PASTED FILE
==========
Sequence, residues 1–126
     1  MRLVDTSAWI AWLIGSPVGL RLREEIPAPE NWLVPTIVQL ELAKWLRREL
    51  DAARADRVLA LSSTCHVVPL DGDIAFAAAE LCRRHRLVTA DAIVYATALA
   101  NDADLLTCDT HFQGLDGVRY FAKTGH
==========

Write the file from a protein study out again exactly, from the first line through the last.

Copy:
Sequence, residues 1–126
     1  MRLVDTSAWI AWLIGSPVGL RLREEIPAPE NWLVPTIVQL ELAKWLRREL
    51  DAARADRVLA LSSTCHVVPL DGDIAFAAAE LCRRHRLVTA DAIVYATALA
   101  NDADLLTCDT HFQGLDGVRY FAKTGH